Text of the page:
Margaret Bastock

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Margaret Bastock was a zoologist and geneticist. She carried out influential work in the 1950s, establishing links between genes and behaviour.

Life and career[edit]

Margaret Bastock was born in the mid-1920s. She began a degree at Oxford University, but her studies were interrupted by the outbreak of the Second World War. During the war she worked for the BBC, but afterwards she returned to Oxford and completed her undergraduate studies in zoology.[1] Bastock then became a member of St Anne's College, Oxford and studied motivational drives in animal behaviour, working with Desmond Morris. In 1950 she began working towards her PhD in Niko Tinbergen’s laboratory.[2] She studied the relationship between behaviour, genetics and evolution using the fruit fly Drosophila melanogaster. In 1956, she published the first evidence that a single gene could change behaviour. She studied a mutation called yellow in Drosophila and showed that this gene or a closely linked gene affected the fly’s mating behaviour.

After completing her PhD, Bastock continued working on courtship behaviour and wrote a textbook on the subject. She also collaborated with another student of Tinbergen, Aubrey Manning, whom she married in 1959. Bastock moved to Edinburgh with Manning in the 1960s and they had two sons. Bastock continued to work in science, studying child development and aggressive behaviour. She died of cancer in 1982.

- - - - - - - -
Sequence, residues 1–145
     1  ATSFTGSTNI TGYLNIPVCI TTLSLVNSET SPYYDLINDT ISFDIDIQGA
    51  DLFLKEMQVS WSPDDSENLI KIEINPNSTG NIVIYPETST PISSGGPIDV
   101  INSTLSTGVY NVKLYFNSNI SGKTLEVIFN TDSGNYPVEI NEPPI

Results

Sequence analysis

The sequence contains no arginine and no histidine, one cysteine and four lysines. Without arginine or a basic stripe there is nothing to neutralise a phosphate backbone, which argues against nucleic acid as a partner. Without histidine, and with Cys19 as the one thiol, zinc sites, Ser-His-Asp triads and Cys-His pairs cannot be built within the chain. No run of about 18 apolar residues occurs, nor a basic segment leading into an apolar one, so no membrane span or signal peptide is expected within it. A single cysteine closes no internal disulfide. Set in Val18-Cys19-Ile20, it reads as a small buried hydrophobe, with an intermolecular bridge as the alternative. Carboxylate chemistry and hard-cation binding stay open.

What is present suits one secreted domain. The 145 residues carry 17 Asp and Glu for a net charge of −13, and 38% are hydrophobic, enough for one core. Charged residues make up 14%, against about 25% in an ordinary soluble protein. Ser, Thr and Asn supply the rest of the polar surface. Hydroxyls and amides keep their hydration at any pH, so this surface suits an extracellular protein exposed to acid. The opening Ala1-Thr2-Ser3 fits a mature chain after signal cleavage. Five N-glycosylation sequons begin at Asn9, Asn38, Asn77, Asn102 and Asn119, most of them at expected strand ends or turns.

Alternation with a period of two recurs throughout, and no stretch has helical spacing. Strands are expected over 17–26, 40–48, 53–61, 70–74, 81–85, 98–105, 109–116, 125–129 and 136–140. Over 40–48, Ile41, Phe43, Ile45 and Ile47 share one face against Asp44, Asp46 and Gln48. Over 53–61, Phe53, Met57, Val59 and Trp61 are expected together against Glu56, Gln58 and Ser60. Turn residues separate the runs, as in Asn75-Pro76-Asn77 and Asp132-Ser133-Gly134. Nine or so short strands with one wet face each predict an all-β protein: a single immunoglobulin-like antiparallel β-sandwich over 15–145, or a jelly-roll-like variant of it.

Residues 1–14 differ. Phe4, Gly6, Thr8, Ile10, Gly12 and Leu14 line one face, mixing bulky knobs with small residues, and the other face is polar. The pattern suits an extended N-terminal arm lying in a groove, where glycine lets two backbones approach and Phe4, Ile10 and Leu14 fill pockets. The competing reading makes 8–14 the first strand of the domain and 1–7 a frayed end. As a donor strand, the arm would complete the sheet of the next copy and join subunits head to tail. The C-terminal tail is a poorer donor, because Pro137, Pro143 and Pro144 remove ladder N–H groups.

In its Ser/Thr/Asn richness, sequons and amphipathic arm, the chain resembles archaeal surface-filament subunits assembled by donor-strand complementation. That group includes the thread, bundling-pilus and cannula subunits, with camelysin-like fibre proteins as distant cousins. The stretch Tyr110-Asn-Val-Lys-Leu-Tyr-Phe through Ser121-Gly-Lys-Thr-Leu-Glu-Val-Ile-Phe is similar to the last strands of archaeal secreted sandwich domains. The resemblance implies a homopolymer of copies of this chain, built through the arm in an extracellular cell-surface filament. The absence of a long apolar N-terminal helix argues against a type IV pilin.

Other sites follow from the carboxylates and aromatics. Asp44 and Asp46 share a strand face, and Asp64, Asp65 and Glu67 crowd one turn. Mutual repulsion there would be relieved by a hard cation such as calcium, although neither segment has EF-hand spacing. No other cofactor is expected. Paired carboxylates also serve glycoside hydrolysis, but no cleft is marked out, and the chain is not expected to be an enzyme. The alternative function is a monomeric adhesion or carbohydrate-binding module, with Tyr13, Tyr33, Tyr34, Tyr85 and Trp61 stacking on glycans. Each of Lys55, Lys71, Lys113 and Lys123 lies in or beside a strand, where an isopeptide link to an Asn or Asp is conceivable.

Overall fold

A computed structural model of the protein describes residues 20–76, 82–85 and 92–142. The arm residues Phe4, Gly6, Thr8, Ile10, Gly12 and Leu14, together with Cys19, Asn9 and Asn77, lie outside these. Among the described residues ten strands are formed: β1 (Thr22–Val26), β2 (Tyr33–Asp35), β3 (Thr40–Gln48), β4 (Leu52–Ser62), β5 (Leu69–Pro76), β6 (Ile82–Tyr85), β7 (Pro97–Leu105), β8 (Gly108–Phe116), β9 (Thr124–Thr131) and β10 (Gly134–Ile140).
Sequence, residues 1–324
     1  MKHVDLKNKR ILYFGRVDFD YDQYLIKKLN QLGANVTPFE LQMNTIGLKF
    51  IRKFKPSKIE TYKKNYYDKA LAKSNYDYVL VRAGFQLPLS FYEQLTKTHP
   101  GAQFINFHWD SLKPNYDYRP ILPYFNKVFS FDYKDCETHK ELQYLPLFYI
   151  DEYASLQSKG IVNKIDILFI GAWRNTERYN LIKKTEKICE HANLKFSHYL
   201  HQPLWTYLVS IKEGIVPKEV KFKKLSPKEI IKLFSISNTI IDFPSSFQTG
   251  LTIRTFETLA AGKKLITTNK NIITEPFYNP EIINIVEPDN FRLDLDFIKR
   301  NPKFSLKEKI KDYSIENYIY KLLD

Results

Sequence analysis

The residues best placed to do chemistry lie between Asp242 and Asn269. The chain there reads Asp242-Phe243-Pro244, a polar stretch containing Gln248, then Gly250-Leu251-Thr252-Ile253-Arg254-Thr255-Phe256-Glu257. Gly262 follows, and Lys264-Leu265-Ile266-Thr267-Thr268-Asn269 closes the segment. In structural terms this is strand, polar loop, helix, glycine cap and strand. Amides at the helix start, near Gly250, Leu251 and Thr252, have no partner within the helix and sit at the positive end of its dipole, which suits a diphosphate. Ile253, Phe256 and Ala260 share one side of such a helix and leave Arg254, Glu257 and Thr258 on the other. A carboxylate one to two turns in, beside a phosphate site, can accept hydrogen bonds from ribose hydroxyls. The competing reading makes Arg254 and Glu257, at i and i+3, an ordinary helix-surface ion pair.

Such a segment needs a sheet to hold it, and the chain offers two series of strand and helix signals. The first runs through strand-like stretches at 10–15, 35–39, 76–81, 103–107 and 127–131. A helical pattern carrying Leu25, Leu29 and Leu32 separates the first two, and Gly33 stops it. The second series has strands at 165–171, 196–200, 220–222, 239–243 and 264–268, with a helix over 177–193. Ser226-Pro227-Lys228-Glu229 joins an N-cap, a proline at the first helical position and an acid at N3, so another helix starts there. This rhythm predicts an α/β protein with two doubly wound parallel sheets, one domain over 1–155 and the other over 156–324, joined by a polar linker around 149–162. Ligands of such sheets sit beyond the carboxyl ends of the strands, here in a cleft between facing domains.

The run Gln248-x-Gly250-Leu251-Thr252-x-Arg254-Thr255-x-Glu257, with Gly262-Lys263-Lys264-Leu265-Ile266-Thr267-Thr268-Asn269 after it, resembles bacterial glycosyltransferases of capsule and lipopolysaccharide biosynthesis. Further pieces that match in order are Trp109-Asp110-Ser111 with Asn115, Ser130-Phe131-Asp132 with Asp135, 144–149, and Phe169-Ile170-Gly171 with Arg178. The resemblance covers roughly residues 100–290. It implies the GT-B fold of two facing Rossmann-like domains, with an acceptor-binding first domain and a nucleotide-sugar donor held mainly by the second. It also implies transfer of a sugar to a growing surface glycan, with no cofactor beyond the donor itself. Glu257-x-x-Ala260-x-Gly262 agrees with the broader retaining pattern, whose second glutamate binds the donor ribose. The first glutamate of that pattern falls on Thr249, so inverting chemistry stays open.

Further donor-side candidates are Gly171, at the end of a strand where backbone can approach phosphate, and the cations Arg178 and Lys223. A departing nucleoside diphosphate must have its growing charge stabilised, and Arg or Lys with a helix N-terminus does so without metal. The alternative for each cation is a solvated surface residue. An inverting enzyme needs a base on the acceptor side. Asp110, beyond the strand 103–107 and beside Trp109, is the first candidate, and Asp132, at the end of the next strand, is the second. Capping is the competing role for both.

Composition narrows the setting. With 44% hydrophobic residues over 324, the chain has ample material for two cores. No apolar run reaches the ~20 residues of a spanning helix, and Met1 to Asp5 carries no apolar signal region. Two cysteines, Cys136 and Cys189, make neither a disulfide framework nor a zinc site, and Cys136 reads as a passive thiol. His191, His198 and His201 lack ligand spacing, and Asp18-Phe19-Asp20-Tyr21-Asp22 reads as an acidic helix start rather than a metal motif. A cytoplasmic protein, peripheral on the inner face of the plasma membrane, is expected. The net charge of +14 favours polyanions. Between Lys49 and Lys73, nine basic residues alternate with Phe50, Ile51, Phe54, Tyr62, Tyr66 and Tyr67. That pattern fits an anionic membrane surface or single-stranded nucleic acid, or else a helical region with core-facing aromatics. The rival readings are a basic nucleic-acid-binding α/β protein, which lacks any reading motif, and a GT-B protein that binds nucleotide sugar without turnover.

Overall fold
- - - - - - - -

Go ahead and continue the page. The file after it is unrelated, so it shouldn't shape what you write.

Key publications[edit]

  • “A gene mutation which changes a behaviour pattern”. Bastock, M. 1956. Evolution, 10: 421-439.
  • “Some comments on conflict and thwarting in animals”. Bastock, M. Morris, D, Moynihan, M. 1953. Behaviour, 6: 66-74.
  • Courtship: a zoological study. Bastock, M. 1967. London, Heinemann.

References[edit]

  1. ^ Cobb, M. 2007. A gene mutation which changed animal behaviour: Margaret Bastock and the yellow fly. [1]
  2. ^ Kruuk, H. 2003. Niko’s Nature: the Life of Niko Tinbergen and his Science of Animal Behaviour. Oxford: Oxford University Press